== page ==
The View from Elysium

If you are sympathetic to Elysium, then you might believe, against all evidence, that Elysium was trying to introduce a new category of supplements, rather than control just a single supplement.

You might also believe that they signed a three-year license with no right of renewal not because they expected to have purchased or destroyed ChromaDex in less than three years, but because they imagined that they would make themselves so indispensable to ChromaDex, by being ChromaDex's biggest customer, that they would be able to dictate favorable terms and a certain renewal.

These are smart people, these Elysium founders: We have a tenured MIT professor, a Harvard MBA, and VP at one of the world's largest banks. They couldn't possibly have accidentally invested millions of dollars to build a business around a single ingredient that they only were entitled to sell for 36 months. Whatever else they teach the MBAs at Harvard, it is at LEAST to secure access to your only product before you build a business around it. So they surely had a plan.

We don't know what the plan was -- whether it was to charm or bully their way to a license renewal, or to purchase or destroy ChromaDex (and then presumably buy its assets from the bankruptcy trustee).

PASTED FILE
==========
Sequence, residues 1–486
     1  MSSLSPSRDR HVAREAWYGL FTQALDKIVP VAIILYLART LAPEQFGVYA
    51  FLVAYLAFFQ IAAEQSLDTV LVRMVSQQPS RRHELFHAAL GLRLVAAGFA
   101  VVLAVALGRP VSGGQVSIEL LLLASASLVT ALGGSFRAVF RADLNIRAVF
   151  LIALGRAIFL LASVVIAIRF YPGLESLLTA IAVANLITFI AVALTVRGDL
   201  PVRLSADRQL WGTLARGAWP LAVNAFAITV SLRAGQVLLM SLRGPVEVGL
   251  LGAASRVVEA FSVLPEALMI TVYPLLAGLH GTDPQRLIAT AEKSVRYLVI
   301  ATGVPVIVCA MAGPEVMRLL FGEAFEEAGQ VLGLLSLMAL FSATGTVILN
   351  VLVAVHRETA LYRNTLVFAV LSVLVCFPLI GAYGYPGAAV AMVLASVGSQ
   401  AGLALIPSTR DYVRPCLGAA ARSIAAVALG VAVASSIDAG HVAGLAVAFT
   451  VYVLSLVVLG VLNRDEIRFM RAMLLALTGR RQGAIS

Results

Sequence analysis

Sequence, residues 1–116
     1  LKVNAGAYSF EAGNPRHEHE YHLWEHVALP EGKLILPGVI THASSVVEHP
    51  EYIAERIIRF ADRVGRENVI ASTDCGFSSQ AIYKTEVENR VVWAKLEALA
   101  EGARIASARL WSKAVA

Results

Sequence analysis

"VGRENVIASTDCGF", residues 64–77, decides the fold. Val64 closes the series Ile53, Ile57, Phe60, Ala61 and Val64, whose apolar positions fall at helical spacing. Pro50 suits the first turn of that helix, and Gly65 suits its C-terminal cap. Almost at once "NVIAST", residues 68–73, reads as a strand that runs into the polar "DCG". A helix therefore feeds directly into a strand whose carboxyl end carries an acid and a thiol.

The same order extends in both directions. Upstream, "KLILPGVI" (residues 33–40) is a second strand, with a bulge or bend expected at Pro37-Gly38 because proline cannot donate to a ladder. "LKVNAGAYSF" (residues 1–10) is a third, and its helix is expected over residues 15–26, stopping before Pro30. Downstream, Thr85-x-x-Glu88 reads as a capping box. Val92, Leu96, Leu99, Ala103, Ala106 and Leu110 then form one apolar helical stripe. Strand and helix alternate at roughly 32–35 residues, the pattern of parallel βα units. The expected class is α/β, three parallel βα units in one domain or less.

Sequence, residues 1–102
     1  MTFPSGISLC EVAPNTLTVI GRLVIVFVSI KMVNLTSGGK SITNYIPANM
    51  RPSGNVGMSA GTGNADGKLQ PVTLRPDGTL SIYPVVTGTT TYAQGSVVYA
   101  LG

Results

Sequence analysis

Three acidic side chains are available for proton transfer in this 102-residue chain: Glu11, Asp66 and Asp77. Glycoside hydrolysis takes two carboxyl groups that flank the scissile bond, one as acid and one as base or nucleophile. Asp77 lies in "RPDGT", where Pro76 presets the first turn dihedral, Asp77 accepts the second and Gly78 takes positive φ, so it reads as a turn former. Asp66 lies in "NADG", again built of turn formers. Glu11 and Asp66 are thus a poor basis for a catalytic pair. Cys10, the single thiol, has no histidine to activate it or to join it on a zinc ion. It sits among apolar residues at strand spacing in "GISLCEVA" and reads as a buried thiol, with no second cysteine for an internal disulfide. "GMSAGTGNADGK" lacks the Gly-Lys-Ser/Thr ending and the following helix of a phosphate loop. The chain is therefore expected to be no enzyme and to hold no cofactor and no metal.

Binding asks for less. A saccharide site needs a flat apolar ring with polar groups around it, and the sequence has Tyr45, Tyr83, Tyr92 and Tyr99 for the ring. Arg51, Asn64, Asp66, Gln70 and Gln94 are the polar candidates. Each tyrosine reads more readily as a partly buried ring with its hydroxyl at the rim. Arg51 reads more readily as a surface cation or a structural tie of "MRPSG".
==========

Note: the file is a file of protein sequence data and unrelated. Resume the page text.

We know what ChromaDex thinks. This is from their federal complaint:

Elysium’s pattern of behavior with respect to ChromaDex reflects a nefariously conceived plan to damage and/or steal ChromaDex’s NR (and)...interfere with ChromaDex’s ability to raise money and defend itself against Elysium’s multi-front litigation and deceptive advertising war. And, on further information and belief, Elysium and/or its agents are associated with or responsible for stock “short attacks” intended to drive the share value of ChromaDex down, making it a more accessible take-over target.

But from Elysium's standpoint, it is not farfetched to imagine that ChromaDex did not have Elysium's best interests at heart -- that ChromaDex had its own reasons to refuse to renew Elysium's NR license.

What if ChromaDex's plan all along was to induce Elysium to invest huge amounts building the market for NR, then cut off Elysium and introduce its own competing direct-to-consumer NR product, and transfer all of Elysium's customers and revenue to ChromaDex, leaving Elysium broke and penniless?

If you imagine that Elysium was intending to charm ChromaDex by being a good business partner, and that Elysium suddenly realized that ChromaDex had its own nefarious plan to destroy Elysium's business, you (as Elysium) might well behave the way Elysium did in spring of 2016, one year before the license could be terminated (effective February 2017).